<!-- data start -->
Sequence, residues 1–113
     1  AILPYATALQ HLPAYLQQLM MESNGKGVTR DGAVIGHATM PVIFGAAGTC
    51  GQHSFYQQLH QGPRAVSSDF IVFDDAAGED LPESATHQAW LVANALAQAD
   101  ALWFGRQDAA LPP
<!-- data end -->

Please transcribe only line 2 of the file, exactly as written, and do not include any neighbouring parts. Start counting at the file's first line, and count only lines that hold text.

     1  AILPYATALQ HLPAYLQQLM MESNGKGVTR DGAVIGHATM PVIFGAAGTC